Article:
Infrastructure News

Innovators and laggards separated by digital infrastructure


International Data Corporation’s (IDC) highlights key, impactful trends for the future of digital infrastructure and its top 10 predictions for the next five years.

Digital businesses depend on digital infrastructure – compute and data management horsepower; network connectivity; operational support; and management – to power business applications, analytics, and activities, the analysts state.

IDC’s Future of Digital Infrastructure framework provides a model for understanding how a successful digital-first strategy is built on critical digital infrastructure investments across dedicated on-premises data centres, edge locations, and public cloud resources.

Digital infrastructure spans compute, storage, network, infrastructure software (including virtualisation and containers) and the automation, AI/ML analytics, and security software and cloud services needed to maintain and optimise legacy and modern applications and data.

Ecosystem partners, including systems integrators and channel partners, are also important contributors. Organisations that optimise hybrid and multi-cloud digital infrastructure environments consistently realise higher levels of operational resiliency, security, revenue growth, and overall productivity at scale, according to IDC.

Mary Johnston Turner, Research Vice President, Future of Digital Infrastructure, says, “Digital infrastructure provides the underpinning for digital business agility and innovation.

“IDC’s 2023 predictions for the future of digital infrastructure identify critical shifts in governance, operations, architecture, and sourcing that need to be factored into enterprise digital transformation strategies going forward.”

IDC’s top 10 predictions for the future of digital infrastructure are:

Prediction 1: By 2026, 65% of tech buyers will prioritise as-a-service consumption models for infrastructure purchases to help restrain IT spending growth and fill ITOps talent gaps.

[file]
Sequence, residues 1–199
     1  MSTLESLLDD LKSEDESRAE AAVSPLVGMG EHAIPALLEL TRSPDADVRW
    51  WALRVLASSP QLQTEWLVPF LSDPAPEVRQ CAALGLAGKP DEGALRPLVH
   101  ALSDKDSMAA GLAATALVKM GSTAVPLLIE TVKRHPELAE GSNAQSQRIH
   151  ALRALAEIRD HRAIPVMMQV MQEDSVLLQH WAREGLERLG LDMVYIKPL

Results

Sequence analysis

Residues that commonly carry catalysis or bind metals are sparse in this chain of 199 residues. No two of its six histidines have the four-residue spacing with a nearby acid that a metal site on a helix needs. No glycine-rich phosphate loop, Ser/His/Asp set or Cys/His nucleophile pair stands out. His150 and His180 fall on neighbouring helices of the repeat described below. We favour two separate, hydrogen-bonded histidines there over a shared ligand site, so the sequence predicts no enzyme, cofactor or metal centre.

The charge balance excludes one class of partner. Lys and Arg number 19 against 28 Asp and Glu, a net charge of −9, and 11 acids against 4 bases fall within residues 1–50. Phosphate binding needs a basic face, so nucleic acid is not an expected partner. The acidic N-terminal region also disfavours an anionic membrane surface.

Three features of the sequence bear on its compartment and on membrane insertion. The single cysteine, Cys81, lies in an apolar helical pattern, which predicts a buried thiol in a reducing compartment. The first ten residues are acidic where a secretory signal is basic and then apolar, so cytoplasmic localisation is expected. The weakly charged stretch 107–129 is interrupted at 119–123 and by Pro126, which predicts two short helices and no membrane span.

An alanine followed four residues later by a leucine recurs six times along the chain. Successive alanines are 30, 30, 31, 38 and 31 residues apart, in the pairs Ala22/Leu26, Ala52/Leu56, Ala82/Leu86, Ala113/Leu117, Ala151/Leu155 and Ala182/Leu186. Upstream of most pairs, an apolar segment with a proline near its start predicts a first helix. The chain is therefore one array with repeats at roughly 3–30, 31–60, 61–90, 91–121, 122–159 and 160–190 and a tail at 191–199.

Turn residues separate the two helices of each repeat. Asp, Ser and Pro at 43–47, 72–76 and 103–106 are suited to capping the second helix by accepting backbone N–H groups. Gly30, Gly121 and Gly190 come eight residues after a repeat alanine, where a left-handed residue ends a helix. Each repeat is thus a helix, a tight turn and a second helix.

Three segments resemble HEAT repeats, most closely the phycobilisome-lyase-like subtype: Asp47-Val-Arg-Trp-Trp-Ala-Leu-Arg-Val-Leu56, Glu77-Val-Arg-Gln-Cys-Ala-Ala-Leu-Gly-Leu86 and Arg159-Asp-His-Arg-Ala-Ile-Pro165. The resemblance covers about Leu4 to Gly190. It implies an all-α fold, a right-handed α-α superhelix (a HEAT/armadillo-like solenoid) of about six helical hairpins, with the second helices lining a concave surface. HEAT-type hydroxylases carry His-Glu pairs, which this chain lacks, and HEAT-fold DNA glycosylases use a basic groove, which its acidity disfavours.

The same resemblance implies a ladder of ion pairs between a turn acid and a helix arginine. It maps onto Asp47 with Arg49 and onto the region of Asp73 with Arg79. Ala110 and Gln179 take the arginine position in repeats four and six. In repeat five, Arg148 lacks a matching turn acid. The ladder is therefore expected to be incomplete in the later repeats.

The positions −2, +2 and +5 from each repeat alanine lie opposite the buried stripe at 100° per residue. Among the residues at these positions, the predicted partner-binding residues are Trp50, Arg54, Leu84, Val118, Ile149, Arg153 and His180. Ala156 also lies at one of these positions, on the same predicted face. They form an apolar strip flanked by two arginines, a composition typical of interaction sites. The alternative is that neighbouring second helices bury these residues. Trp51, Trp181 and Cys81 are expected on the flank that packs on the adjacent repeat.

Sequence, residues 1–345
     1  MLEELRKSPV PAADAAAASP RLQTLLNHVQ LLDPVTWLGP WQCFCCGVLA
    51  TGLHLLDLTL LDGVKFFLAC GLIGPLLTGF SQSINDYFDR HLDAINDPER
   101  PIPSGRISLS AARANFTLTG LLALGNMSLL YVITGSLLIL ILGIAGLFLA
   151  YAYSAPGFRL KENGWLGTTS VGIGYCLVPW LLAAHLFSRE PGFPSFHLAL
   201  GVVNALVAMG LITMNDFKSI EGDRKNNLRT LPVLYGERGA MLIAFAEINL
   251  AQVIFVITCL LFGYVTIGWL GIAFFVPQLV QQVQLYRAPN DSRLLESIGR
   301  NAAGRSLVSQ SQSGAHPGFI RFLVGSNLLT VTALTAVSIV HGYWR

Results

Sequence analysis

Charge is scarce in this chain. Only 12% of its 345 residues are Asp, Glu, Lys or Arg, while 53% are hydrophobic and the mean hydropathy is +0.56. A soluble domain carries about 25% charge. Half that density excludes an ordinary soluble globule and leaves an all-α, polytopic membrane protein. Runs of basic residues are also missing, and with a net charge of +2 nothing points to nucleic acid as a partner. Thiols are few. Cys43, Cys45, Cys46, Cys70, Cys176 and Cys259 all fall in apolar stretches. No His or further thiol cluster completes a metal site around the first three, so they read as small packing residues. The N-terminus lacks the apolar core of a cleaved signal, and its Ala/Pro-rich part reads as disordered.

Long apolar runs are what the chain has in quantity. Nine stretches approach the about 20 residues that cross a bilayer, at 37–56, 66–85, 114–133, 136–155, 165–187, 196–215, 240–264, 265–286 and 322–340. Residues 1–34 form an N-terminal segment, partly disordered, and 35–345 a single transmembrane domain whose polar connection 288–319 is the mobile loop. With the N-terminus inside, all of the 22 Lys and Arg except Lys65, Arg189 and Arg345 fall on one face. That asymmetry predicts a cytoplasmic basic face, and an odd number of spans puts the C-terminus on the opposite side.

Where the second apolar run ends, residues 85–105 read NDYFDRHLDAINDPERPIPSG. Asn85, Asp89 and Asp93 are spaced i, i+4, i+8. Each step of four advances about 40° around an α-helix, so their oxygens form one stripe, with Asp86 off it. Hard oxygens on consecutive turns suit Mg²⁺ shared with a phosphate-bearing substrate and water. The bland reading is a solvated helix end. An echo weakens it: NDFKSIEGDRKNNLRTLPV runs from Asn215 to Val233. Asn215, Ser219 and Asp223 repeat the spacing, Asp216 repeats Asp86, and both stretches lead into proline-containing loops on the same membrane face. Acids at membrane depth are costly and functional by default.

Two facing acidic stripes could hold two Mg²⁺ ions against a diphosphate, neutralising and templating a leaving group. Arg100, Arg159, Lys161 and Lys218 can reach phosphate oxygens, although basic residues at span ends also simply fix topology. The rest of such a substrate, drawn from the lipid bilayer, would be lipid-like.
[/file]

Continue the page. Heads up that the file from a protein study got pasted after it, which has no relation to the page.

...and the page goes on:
Prediction 2: By 2026, 65% of IT organisations will only purchase infrastructure solutions that incorporate predictive cyber-resiliency mechanisms proven to reduce post-cyberintrusion recovery efforts.

Prediction 3: By 2027, AI-enabled automation will ensure consistent digital infrastructure configuration, performance, cost, and security by reducing the need for human operations intervention by 70% and improving SLOs.

Prediction 4: By 2023, amid ongoing IT supply chain disruptions, 80% of G5000 infrastructure customers will adopt proactive multi-sourcing strategies to protect themselves against future IT supply risks.

Prediction 5: By 2024, 40% of digital business apps will depend on contractually guaranteed cross-provider data transfer and operational/financial data sharing agreements between public clouds and on-prem tech partners.

Prediction 6: By 2026, 95% of companies will invest in fit-for-purpose, heterogeneous compute technologies that deliver faster insights from complex data sets to drive differentiated business outcomes.

Prediction 7: By 2025, 70% of the G2000 will prioritise the trusted infrastructure of sovereign clouds to ensure consistent security and local/regional regulatory compliance for specific sensitive workloads and data.

Prediction 8: By 2025, to ensure data and workflow integrations spanning distributed clouds and edge environments, 50% of enterprises will deploy multi-cloud networking, bringing consistency and simplicity to NetOps.

Prediction 9: By 2027, the need for faster, higher-quality data-driven decisions will cause 80% of G2000 CIOs to mandate companywide data logistics strategies for data management, protection, and integration.

Prediction 10: By 2024, due to economic pressures, 50% of G2000 will prioritise infrastructure vendor selections based on tech partner ecosystems that offer cost savings provided by preferred pricing and support deals.



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